"Declaration on Procured Abortion" (1974), by the Vatican
Keywords: Catholicism, Abortion
As various societies around the world began legalizing abortive procedures or liberalizing government stances on abortion, the Roman Catholic Church’s leaders felt the need to respond to these changes by clarifying the Church’s position on procured abortion. One incident in particular that may have inspired the “Declaration on Procured Abortion” is the landmark case in the United States Supreme Court in 1973: Roe v. Wade. This case, which legalized a wide range of abortion procedures in perhaps the most influential nation in the world, spurred conversation regarding the morality of procured abortion throughout the world. The Vatican’s response was initiated by the Sacred Congregation for the Doctrine of the Faith which, under the guidance of the Prefect Franciscus Seper and Archbishop Hieronymus Hamer, became the “Declaration on Procured Abortion.”
Ratified on 28 June 1974 by Pope Paul VI and delivered by him on 18 November 1974 in Rome, Italy, the document addressed the idea of procured abortion from the point of faith, reason, morality, and law. In each assessment, the excuses and explanations for allowing elective abortions are found wanting, according to Catholic doctrine, largely because they violate the right to life that each human is entitled to simply by being a member of the human community.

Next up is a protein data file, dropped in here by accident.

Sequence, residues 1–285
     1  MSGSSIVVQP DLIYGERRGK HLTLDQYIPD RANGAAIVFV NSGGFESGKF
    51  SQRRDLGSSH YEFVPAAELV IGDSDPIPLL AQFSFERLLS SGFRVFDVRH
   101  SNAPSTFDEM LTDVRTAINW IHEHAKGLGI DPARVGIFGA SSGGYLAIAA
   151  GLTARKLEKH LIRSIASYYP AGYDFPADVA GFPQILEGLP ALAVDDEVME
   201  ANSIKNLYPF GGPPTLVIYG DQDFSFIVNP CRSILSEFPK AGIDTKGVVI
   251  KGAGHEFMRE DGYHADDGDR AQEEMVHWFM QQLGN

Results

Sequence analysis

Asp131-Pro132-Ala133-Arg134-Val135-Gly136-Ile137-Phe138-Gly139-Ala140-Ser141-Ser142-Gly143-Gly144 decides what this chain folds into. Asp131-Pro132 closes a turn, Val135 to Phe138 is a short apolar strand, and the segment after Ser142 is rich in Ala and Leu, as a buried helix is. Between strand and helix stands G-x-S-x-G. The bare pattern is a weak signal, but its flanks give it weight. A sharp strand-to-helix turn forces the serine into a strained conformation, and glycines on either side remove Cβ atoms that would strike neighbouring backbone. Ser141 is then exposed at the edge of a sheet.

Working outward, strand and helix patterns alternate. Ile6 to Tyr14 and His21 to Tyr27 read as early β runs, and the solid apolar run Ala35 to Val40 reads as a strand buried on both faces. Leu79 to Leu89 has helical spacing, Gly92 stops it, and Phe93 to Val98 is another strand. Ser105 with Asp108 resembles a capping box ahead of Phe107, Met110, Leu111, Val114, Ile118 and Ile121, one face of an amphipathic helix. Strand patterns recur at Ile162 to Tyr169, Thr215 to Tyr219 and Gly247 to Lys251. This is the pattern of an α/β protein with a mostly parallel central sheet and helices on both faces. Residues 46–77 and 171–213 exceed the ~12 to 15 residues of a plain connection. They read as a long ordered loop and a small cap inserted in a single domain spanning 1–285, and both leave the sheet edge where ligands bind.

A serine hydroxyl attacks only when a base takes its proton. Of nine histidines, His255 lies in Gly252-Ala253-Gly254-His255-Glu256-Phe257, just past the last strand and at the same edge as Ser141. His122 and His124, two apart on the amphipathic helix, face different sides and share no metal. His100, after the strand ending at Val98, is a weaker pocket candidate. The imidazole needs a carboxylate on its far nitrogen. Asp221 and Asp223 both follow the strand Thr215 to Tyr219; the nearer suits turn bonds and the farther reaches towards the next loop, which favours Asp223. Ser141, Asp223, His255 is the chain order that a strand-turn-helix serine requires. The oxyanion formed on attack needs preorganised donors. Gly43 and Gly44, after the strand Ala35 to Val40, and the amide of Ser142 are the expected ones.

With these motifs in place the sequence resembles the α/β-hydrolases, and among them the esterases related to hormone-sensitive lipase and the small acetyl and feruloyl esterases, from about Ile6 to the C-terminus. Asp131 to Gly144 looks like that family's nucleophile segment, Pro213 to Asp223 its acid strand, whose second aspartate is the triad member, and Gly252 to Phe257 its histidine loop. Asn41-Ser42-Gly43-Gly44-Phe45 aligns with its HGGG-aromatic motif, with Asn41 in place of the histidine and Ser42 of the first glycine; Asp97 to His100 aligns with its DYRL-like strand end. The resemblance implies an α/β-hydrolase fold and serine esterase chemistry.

With respect to faith, the document discusses some of the Church’s historical viewpoints on abortion, acknowledging that at times there was disagreement as to whether abortions at particular stages killed a being with a human soul. After citing many of the principle Catholic viewpoints on abortion and ensoulment in the past (with references to Athenagoras, the Didache, Pope Innocent XI, Pope John XXIII, Pope Pius XI, Pope Pius XII, Pope Sixtus V, Pope Stephen V, St. Thomas Aquinas, and Tertullian), the document declares that there was always agreement on the sinfulness of any procured abortion, which cannot be outweighed by excuses on behalf of the mother’s personal situation. It goes on to provide religious reasons why God must reject abortion, and reasons why faithful Christians must reject it in kind.
With respect to reason, the “Declaration on Procured Abortion” argues that the right of each person, an individual and genetically unique human being even in the earliest stage of development, to life precedes any right to an elective abortion that may be claimed by pregnant women. The right to life is indicated as the predecessor to all other rights — the fundamental right that technically cannot be granted or taken away by any society or law because they are not qualified to make such a decision, but only to acknowledge and protect that right. The document argues that particularly when dealing with innocent or vulnerable human life, extreme caution must be taken such that when there is any uncertainty in the matter (caused by ideological pluralism), societies must err on the side of protecting that life. If in doing so a smaller right is affected, for instance the right to decide when to have children, the right to life is always to take priority.